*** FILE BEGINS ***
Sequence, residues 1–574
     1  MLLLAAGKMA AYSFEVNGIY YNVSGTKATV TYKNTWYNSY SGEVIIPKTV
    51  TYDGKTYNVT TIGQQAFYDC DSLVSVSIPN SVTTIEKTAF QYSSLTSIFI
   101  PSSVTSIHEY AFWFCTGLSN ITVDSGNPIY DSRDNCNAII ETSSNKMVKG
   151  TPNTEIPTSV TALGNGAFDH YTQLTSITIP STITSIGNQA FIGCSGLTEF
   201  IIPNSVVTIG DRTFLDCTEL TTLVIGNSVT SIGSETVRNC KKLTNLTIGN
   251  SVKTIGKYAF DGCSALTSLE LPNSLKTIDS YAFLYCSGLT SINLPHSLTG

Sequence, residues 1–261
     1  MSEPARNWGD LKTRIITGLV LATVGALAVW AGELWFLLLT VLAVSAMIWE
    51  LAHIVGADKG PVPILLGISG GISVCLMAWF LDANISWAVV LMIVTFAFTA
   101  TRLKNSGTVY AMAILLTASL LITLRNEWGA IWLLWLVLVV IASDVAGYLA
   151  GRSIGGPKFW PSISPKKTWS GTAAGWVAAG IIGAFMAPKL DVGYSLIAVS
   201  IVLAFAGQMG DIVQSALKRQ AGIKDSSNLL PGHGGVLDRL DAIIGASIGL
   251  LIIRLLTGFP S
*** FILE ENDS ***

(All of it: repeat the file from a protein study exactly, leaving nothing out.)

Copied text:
Sequence, residues 1–574
     1  MLLLAAGKMA AYSFEVNGIY YNVSGTKATV TYKNTWYNSY SGEVIIPKTV
    51  TYDGKTYNVT TIGQQAFYDC DSLVSVSIPN SVTTIEKTAF QYSSLTSIFI
   101  PSSVTSIHEY AFWFCTGLSN ITVDSGNPIY DSRDNCNAII ETSSNKMVKG
   151  TPNTEIPTSV TALGNGAFDH YTQLTSITIP STITSIGNQA FIGCSGLTEF
   201  IIPNSVVTIG DRTFLDCTEL TTLVIGNSVT SIGSETVRNC KKLTNLTIGN
   251  SVKTIGKYAF DGCSALTSLE LPNSLKTIDS YAFLYCSGLT SINLPHSLTG

Sequence, residues 1–261
     1  MSEPARNWGD LKTRIITGLV LATVGALAVW AGELWFLLLT VLAVSAMIWE
    51  LAHIVGADKG PVPILLGISG GISVCLMAWF LDANISWAVV LMIVTFAFTA
   101  TRLKNSGTVY AMAILLTASL LITLRNEWGA IWLLWLVLVV IASDVAGYLA
   151  GRSIGGPKFW PSISPKKTWS GTAAGWVAAG IIGAFMAPKL DVGYSLIAVS
   201  IVLAFAGQMG DIVQSALKRQ AGIKDSSNLL PGHGGVLDRL DAIIGASIGL
   251  LIIRLLTGFP S